As a result of declining materials prices and increasing contractor competition due to dwindling workloads, the cost of building extra sewage treatment plant capacity in the region has fallen by 20-30 per cent in 2009.

This may encourage utilities to press ahead with their works programmes again, after serious delays in the final quarter of 2008 and early 2009 due to the market uncertainty over cost.

One sign of the improved cost climate was a June announcement from Bahrain’s Works Ministry, in the form of a request for proposals on the Muharraq wastewater project. Ten groups have subsequently expressed their interest in the planned plant.

However, the greatest requirements will be in Saudi Arabia, with a requirement for 2.2 million cm/d in extra wastewater treatment capacity, followed by the UAE, which is predicted to need 1.3 million cm/d more and Kuwait with 795,000 cm/d.

In 2007, Saudi Arabia launched a major overhaul of its wastewater sector, in response to rising demand and an ageing infrastructure.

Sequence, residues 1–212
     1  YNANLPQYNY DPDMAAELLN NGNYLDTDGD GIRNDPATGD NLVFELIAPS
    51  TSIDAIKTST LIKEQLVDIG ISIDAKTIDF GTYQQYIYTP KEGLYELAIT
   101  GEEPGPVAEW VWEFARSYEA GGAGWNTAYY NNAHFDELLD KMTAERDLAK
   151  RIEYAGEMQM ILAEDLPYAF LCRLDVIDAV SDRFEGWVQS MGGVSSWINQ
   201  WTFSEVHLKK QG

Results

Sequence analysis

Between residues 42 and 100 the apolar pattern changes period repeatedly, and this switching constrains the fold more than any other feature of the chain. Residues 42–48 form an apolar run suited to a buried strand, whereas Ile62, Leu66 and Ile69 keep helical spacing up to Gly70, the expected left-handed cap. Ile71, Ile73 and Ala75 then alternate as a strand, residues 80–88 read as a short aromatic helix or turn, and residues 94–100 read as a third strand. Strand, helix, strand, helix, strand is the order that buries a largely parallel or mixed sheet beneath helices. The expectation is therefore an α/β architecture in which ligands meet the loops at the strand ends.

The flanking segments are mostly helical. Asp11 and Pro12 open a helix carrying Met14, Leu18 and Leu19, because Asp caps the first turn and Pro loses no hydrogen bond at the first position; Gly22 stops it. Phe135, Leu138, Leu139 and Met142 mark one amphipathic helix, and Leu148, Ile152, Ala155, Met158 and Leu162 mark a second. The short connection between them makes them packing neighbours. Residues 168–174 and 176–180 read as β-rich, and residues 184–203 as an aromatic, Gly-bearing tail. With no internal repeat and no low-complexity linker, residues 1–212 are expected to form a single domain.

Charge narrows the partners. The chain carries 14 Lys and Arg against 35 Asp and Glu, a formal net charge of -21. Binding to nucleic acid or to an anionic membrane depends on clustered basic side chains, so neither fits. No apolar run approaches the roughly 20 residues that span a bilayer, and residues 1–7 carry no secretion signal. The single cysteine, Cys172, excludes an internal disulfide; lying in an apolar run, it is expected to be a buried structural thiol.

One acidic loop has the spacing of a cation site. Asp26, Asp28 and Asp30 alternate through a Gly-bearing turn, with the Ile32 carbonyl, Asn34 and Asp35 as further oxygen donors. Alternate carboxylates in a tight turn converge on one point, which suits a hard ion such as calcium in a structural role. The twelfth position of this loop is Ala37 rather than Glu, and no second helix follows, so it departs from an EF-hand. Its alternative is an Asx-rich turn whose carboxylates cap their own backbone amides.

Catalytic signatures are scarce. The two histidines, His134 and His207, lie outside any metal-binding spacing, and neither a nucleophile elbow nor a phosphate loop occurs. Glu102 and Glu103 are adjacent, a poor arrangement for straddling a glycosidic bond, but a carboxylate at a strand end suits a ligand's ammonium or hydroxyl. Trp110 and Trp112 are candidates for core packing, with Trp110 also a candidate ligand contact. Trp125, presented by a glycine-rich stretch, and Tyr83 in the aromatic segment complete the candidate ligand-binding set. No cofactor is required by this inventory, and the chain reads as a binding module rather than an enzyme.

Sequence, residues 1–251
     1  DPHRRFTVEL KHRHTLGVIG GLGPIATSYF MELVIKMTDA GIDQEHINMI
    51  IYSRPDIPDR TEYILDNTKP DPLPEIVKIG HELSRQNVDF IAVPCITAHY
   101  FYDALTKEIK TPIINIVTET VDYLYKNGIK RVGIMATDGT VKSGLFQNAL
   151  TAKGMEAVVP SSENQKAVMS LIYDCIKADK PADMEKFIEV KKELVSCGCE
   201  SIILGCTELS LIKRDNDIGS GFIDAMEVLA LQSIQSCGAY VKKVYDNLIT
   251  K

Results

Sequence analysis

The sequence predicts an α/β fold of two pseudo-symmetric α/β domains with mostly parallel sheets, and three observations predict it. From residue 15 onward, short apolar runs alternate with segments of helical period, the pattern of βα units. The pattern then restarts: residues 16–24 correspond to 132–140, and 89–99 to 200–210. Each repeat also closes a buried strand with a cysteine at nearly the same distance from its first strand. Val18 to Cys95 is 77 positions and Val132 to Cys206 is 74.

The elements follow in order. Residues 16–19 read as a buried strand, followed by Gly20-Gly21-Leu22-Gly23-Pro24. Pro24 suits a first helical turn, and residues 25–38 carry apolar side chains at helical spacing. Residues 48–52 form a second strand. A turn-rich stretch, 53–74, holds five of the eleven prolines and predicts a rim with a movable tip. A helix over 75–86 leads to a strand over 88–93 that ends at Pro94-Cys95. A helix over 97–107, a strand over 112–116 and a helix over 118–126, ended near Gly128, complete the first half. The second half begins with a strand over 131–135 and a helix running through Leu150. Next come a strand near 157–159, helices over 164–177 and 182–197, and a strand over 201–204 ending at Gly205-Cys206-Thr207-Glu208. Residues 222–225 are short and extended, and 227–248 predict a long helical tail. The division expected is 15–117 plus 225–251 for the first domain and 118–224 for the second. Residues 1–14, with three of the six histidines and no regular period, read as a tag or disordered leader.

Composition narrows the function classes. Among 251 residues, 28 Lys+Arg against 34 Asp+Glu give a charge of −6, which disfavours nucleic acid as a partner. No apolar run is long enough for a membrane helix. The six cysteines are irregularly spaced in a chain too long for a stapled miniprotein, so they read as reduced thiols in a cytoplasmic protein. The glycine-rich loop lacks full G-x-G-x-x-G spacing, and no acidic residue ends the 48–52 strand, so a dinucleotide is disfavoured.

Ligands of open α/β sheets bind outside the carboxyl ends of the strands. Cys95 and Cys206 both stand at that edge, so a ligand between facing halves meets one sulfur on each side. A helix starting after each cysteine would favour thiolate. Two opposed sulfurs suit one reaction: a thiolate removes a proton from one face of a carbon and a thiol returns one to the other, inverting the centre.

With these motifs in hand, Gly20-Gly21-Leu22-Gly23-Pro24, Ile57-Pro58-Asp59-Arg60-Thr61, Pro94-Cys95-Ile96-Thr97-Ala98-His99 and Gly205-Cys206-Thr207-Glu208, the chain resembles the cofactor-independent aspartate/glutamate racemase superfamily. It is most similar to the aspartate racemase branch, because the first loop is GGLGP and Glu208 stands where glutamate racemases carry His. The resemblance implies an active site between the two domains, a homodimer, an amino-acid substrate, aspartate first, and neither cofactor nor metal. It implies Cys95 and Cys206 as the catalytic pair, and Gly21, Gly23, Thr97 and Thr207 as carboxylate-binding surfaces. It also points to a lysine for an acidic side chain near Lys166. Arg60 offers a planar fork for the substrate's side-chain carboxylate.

Demand for water was growing at 6 per cent a year, but with the kingdom having the highest water production and transportation costs in the world, Riyadh has focussed on re-using treated sewage effluent to meet some of the population’s water needs.

To increase water and wastewater network coverage to 100 per cent – sewage collection currently covers only 45 per cent of the country – Saudi Arabia is planning to invest $40bn in its sewage collection and treatment, and water distribution infrastructure over the next 20 years. The highest level of investment will be in sewage collection, which is forecast to received 57 per cent – or $23bn – of the total.

In Kuwait, the Public Works Ministry forecasts that total wastewater inflows will increase from 711,000 cm/d in 2009 to 816,000 cm/d in 2010, a 14.8 per cent increase in the space of just one year. Four major wastewater treatment plants are currently in operation in Kuwait with a combined design capacity of 697,000 cm/d.

To meet the predicted shortfall in capacity, Kuwait is planning to install an estimated 800,000 cm/d of new capacity by 2015.

The Public Works Ministry is planning to move wastewater treatment plants away from residential areas, while at the same time upgrading and increasing the sector’s capacity.

Capacity investment